Hangzhou Facecare Cosmetics Co., Ltd. MARCS-CMS 537146 —
- Delivery Method:
Recipient NameMr. Zhigang Wu
- Hangzhou Facecare Cosmetics Co., Ltd.
755 Yinhai Road, HEDA
- Issuing Office:
- Center for Drug Evaluation and Research
10903 New Hampshire Avenue
Silver Spring, MD 20993
Via UPS Warning Letter 320-18-09
November 17, 2017
Mr. Zhigang Wu
Hangzhou Facecare Cosmetics Co. Ltd.
755 Yinhai Road, HEDA
Hangzhou, Zhejiang, China 310018
Dear Mr. Wu:
The U.S. Food and Drug Administration (FDA) inspected your drug manufacturing facility, Hangzhou Facecare Cosmetics Co., Ltd. at 755 Yinhai Road, HEDA, Hangzhou, from June 19 to 22, 2017.
This warning letter summarizes significant violations of current good manufacturing practice (CGMP) regulations for finished pharmaceuticals. See 21 CFR, parts 210 and 211.
Because your methods, facilities, or controls for manufacturing, processing, packing, or holding do not conform to CGMP, your drug products are adulterated within the meaning of section 501(a)(2)(B) of the Federal Food, Drug, and Cosmetic Act (FD&C Act), 21 U.S.C. 351(a)(2)(B).
We reviewed your July 12, 2017, response in detail and acknowledge receipt of your subsequent correspondence.
During our inspection, our investigators observed specific violations including, but not limited to, the following.
1. Your firm failed to have, for each batch of drug product, appropriate laboratory determination of satisfactory conformance to final specifications for the drug product, including the identity and strength of each active ingredient, prior to release (21 CFR 211.165(a)).
You released over-the-counter (OTC) drug products without adequate acceptance testing for conformance to specifications, including identity and strength. During the inspection, you could not provide analytical data to support the release of your OTC drug products.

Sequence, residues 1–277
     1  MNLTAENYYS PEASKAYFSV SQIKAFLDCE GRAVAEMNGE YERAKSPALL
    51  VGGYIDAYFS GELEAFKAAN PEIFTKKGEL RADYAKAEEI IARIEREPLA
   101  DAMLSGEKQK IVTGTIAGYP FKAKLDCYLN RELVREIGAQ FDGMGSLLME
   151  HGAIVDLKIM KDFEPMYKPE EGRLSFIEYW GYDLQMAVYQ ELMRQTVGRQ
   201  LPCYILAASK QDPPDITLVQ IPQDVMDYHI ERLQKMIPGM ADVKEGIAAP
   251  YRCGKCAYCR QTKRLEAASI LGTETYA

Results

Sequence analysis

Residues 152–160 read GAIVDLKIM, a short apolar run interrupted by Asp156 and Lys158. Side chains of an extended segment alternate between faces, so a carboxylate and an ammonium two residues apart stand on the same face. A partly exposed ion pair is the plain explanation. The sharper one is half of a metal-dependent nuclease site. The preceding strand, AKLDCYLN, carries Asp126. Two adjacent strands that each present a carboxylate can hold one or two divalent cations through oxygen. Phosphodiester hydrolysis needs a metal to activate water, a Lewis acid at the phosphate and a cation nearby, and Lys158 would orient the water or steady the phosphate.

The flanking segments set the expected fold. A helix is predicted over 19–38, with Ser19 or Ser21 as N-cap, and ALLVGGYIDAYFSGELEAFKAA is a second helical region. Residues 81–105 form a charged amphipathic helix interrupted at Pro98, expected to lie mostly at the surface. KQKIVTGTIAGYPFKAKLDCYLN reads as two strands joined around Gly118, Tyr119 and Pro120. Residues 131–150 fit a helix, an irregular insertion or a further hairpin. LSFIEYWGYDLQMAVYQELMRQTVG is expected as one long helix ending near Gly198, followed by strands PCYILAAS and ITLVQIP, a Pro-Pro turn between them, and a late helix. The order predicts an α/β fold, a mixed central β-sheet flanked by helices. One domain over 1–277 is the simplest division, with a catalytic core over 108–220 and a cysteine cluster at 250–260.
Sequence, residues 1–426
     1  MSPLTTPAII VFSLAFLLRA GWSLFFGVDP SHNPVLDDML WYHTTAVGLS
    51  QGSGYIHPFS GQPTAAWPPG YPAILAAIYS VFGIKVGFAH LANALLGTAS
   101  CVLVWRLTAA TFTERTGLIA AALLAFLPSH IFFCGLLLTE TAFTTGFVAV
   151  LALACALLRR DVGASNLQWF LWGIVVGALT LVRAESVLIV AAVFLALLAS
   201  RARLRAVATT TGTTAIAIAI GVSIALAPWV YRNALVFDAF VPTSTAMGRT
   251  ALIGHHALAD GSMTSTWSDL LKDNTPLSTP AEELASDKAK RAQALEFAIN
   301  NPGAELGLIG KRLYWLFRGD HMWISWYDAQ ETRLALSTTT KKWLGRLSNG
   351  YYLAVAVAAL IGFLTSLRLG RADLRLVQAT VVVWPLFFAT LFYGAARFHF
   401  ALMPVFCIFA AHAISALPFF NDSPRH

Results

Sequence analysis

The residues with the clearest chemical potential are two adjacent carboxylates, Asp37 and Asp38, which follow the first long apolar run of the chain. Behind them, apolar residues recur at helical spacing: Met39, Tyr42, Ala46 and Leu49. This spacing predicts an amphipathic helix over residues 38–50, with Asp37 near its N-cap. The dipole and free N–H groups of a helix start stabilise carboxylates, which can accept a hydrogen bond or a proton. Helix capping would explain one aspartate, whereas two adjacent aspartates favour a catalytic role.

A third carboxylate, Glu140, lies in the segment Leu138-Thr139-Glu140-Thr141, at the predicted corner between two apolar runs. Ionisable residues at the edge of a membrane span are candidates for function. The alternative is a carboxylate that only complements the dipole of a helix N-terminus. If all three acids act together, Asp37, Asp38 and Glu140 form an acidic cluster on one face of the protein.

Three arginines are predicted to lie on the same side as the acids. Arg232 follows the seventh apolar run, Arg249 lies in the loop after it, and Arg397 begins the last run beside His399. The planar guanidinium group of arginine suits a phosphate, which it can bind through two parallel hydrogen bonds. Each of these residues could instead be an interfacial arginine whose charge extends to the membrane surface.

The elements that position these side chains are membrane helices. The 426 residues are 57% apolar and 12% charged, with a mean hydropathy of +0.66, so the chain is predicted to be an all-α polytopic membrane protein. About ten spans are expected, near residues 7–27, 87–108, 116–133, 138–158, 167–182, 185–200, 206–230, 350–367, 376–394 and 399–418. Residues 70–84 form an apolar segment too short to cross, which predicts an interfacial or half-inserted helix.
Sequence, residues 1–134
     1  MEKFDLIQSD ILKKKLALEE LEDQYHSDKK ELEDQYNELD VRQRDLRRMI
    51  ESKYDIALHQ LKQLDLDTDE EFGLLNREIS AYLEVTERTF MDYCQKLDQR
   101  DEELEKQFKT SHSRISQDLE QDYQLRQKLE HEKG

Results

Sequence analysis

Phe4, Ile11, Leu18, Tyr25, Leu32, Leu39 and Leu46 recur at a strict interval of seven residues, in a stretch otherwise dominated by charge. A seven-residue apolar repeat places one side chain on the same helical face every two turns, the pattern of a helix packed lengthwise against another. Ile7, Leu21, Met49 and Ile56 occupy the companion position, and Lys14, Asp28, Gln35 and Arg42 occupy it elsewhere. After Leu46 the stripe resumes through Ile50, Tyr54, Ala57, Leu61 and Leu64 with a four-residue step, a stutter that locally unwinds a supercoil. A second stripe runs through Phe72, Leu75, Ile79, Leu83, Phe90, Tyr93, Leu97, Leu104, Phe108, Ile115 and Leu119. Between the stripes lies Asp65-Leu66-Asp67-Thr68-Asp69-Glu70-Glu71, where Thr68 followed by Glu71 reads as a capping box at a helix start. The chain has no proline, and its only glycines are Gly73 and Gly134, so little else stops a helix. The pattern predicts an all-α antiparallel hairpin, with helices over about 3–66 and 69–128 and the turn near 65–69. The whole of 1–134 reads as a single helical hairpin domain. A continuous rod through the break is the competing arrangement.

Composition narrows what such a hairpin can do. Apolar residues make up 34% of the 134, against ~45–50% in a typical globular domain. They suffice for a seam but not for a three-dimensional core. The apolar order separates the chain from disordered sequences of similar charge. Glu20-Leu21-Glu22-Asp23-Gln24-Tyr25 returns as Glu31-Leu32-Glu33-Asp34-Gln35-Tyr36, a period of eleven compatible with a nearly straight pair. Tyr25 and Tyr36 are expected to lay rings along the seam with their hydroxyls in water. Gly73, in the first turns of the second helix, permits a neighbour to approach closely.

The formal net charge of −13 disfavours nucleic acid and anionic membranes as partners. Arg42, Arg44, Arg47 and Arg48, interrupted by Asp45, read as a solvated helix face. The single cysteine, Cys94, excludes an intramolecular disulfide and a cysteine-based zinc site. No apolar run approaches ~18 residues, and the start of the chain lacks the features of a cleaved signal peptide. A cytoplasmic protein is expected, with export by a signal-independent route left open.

Your response stated that you or a contract testing laboratory currently test active ingredient content prior to release of OTC drug products. You also provided results for two finished drug product lots tested by a contract testing laboratory after FDA’s inspection of your facility.
2. Your firm failed to test samples of each component for conformity with all appropriate written specifications for identity, purity, strength, and quality (21 CFR 211.84(d)(1),(2)).
You did not adequately test incoming active pharmaceutical ingredients and other components used in manufacturing your drug products for adherence to appropriate quality attribute specifications.
For example, your procedures did not include requirements for identity testing of each incoming raw material lot. You only required routine incoming testing for appearance, heavy metals, and microbial attributes.
Your response stated that you currently test raw materials to ensure specifications are met before release for manufacturing. You also provided results for four batches of active ingredients tested by a contract testing laboratory after FDA’s inspection of your facility.
3. Your firm failed to ensure that its drug product bore an expiration date that was supported by appropriate stability testing (21 CFR 211.137(a)).
During the inspection, our investigator found that you shipped OTC drug products to the United States without expiration dates, and you did not have stability data to demonstrate these products meet their specifications (e.g., active ingredient content) throughout their shelf lives.
Your response stated “As we understand, our customers conduct testing to confirm stability and expiration dating.” You also indicated that you were in the process of contacting your customers to confirm responsibilities and OTC drug product expiration dating.
Your July 12, 2017, response to FDA’s inspectional observations was inadequate. You did not provide sufficient evidence that you are taking corrective actions to bring your operations into full compliance with CGMP. For example, you failed to provide:
- The quality control test methods and specifications used by your firm (or a contract laboratory) to analyze each drug product batch prior to a batch release decision.